Floridacracker said...

It is a pretty cat.

Good, cause my old dogs are not getting off the porch.

I don't know if The Wisp is fixed or not. I only see him at a distance or in the trap, but when he's in the trap he's hunched up and not showing.

Agreed, the owners should feel some pain. Dropped off dogs always seem more pitiful, I think the cats outsurvive them when dropped out in the woods.

You sound like a responsible cat owner. Good luck removing those feral cats. I'm surprised they are so hard to trap, this Wisp could be caught daily I think.

i agree wholeheartedly.

They must be missing the "obedience" region of the brain.Either that or they think they are in charge.

I feel for my cardinals because they spend so much time at cat level.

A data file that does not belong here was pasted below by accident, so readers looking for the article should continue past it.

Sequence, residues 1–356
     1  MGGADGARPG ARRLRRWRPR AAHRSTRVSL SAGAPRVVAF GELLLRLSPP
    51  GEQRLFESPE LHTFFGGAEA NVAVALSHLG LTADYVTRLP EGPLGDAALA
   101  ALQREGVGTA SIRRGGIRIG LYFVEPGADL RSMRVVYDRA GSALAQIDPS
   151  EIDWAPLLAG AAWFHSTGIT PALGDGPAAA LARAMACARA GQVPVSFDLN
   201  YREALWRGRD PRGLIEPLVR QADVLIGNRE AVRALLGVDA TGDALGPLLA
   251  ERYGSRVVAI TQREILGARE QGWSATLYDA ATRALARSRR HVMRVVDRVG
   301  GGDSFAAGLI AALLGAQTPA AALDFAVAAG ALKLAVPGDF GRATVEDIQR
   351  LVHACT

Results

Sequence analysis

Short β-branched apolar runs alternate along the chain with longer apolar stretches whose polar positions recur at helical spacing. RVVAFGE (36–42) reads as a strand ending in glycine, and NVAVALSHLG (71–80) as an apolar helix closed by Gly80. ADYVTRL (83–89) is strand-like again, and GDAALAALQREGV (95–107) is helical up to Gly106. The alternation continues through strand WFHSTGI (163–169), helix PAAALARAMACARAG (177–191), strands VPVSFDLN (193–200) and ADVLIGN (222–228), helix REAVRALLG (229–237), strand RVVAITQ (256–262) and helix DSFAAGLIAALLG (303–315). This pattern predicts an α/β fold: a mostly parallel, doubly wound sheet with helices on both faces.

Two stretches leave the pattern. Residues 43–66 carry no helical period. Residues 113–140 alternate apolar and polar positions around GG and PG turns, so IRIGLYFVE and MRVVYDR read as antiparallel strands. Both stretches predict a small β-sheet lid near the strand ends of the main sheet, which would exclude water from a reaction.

I agree, he's a pretty cat.

I'll have to read that. Your cat has been busy reducing the exotic brown anoles in your St. Pete home ... here I have to applaud the cat.
The Wisp should be clean by now...

Fried chicken scraps seem to work on the Wisp.

I'm heading that way.

Maybe that's the secret, get them fat and lazy so hunting becomes a fuzzy memory.

More power to your pitching.

I was wondering where you got off to. Remember how Pepe Le Pew used to fall in love with the black cat who got a white stripe painted on her back?
I have pictured it in my mind.
Rain here too!

Cat got your tongue?
Sorry, I could not resist.

I wonder if the very doggy coyote should get more credit for that quail demise? I would think coyotes are tough on ground nesters and they certainly are expanding their range.

LOL! Maybe I should videotape the Wisp.

misti said...

At least take them to the humane society and not "the pound", they'll have a chance there! My Samson was at the HS for two months before we got him. He wouldn't have lasted that long at the lb. :( That said, our cats are porch cats, though one doesn't get to go because he's too rowdy. We do have a neighborhood cat that has started coming round lately, but it could be because I am growing catnip. *hmmm*